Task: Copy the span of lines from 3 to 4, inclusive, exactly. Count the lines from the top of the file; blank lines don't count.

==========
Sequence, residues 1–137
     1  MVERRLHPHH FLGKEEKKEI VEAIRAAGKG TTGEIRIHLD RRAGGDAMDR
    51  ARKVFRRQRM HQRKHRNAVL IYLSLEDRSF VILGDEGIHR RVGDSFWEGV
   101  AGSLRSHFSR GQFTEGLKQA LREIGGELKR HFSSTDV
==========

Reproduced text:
    51  ARKVFRRQRM HQRKHRNAVL IYLSLEDRSF VILGDEGIHR RVGDSFWEGV
   101  AGSLRSHFSR GQFTEGLKQA LREIGGELKR HFSSTDV